Hook In Check! This Tandem Tourist Almost Bought it!

Please tell what happened and how it might have been avoided. Names should be ommitted. This forum should help others learn from mistakes that caused or nearly caused a mishap.
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Steve90266
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Hook In Check! This Tandem Tourist Almost Bought it!

Post by Steve90266 » Tue Nov 27, 2018 12:54 pm

A buddy of mine just sent me this. I'm amazed that the guy is able to hang on as long as he did. Unbelievable. Hang Check/Hook In Check Always Always Always!

https://www.youtube.com/watch?v=dLBJA8SlH2w
Steve Murillo

Steve D
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Post by Steve D » Wed Nov 28, 2018 9:28 pm

http://ozreport.com/forum/viewtopic.php?t=13132
Unhooked Death Again - Change our Methods Now?
JBBenson - 2009/01/25 16:27:19 UTC

I get what Tad is saying, but it took some translation:
HANG CHECK is part of the preflight, to verify that all the harness lines etc. are straight.
HOOK-IN CHECK is to verify connection to the glider five seconds before takeoff.
They are separate actions, neither interchangeable nor meant to replace one another. They are not two ways to do the same thing.

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JD
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Post by JD » Thu Nov 29, 2018 12:48 pm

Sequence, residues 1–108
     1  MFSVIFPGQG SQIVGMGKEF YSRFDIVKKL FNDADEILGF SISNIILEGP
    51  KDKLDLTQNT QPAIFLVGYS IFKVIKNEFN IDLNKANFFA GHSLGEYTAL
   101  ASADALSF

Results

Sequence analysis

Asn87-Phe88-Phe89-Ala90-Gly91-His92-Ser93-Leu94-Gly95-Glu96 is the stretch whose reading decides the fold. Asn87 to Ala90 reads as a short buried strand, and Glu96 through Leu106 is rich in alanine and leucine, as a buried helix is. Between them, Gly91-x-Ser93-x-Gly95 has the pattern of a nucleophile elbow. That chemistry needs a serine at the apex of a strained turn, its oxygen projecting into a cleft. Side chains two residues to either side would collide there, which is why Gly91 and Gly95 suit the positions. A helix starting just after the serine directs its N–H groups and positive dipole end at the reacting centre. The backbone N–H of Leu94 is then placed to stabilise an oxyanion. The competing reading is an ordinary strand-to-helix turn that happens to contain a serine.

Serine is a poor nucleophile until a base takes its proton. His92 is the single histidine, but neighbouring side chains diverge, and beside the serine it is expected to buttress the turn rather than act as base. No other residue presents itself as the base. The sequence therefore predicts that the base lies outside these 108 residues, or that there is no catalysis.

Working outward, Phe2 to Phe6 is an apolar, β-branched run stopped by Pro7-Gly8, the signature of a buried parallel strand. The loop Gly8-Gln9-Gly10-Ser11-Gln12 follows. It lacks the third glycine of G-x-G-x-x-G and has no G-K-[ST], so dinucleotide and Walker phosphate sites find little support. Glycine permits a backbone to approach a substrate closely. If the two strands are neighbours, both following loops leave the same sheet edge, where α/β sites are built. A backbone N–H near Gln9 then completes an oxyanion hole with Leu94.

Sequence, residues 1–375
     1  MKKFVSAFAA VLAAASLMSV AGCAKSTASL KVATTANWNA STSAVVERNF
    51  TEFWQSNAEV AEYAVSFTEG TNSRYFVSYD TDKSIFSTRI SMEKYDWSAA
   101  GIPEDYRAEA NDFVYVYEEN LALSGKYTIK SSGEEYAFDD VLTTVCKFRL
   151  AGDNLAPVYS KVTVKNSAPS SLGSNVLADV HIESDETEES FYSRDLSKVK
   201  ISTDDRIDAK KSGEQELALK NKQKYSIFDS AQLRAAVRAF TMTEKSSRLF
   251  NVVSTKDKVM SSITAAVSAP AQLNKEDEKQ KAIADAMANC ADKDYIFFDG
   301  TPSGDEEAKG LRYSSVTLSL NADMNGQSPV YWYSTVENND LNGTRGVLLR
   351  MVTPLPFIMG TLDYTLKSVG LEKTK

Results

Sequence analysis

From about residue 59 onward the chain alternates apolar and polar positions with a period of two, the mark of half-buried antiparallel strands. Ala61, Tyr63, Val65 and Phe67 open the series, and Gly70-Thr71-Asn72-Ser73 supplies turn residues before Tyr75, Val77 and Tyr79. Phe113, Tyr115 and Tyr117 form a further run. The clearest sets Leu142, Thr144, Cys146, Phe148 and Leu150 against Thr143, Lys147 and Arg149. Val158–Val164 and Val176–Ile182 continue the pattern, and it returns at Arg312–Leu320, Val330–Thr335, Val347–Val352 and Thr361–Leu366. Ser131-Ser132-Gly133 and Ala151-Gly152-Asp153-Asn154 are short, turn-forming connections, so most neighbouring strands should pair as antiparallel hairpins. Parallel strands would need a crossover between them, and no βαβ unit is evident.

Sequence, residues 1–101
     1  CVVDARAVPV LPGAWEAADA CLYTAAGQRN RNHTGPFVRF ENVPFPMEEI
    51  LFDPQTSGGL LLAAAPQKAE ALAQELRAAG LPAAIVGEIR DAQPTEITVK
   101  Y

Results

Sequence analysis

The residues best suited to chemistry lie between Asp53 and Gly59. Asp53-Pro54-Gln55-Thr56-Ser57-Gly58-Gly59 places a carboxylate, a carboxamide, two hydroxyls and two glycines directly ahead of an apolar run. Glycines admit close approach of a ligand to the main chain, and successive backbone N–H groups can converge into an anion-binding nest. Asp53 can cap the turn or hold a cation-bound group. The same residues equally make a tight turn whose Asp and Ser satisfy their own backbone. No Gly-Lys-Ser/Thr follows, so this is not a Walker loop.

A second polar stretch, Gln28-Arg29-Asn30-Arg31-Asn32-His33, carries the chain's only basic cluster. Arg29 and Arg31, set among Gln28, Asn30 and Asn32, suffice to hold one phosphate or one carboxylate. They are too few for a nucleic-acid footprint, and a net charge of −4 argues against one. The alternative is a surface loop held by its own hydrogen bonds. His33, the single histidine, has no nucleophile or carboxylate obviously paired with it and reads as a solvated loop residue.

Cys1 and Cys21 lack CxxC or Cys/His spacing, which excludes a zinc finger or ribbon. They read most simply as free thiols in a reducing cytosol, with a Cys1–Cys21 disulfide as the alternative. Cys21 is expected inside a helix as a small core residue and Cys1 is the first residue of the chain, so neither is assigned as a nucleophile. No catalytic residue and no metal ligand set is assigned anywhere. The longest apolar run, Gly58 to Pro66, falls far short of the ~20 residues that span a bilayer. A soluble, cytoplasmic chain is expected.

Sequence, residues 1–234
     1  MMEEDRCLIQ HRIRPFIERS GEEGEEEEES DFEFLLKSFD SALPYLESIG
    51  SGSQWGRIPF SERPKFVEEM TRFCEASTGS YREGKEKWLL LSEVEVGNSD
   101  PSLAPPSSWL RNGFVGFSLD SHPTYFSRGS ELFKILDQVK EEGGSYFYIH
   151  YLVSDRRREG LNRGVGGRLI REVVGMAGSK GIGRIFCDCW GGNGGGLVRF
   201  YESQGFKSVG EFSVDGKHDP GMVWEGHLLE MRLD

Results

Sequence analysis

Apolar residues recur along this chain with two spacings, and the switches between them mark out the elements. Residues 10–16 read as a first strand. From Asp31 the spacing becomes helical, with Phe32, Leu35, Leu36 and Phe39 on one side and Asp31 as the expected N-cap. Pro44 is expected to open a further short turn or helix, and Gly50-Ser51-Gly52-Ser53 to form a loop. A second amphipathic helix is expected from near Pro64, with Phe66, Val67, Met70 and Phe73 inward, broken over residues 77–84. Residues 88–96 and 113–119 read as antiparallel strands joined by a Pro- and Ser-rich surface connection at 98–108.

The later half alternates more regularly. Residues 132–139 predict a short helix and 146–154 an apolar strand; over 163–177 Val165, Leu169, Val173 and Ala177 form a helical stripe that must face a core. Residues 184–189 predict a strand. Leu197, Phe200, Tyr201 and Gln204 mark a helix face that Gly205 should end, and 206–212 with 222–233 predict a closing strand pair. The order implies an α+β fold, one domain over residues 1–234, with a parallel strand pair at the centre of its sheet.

I know at least 3 pilots from our club who have launched unhooked. I did it myself in 1978 resulting in a dislocated left middle finger which healed up longer and meaner and ever. I know PG pilots who launched 'unbuckled' one of whom fell to his death while his 17-yo daughter was left adrift in his tandem PG. I know of some tandem HGs where the pilot was unhooked but not the passenger.

Fear of launching unhooked is a very powerful reminder to perform a hook-in check immediately prior to launching.

Hook-in checks have nothing to do with hang checks or routine maintenance.

A visiting pilot launched from Crestline recently after performing a successful hang check just prior to launch. His routine maintenance was fatally flawed however. His riser was not attached to the carabiner while his reserve bridle was. This fact was hidden by the neoprene sleeve which covers the bridle and riser. He crashed and has been in a coma ever since. In his case neither a hang check nor hook-in check made any difference.

I knew a pilot in Spain who also failed his routine maintenance and not hang or hook-in check would have saved him. His riser failed internally and he went into free-fall. His reserve bridle was improperly connected to the internal webbing and upon deployment it abraded and melted the webbing leaving him in a fatal free-fall. He left behind a widow and young children. The visiting pilot at Crestline has a grieving wife and two young boys with dwindling or exhausted financial means.

Ignoring one's own injury or death, perhaps reflecting upon the devastation it can bring to one's family will make a pilot fear launching unhooked and slaking on his routine harness maintenance which reminds me of a recent accidental reserve deployment but I digress.....

I hope a few pilots get the picture. Be afraid. Be very afraid and maybe you will be motivated to routinely perform all three items mentioned here.

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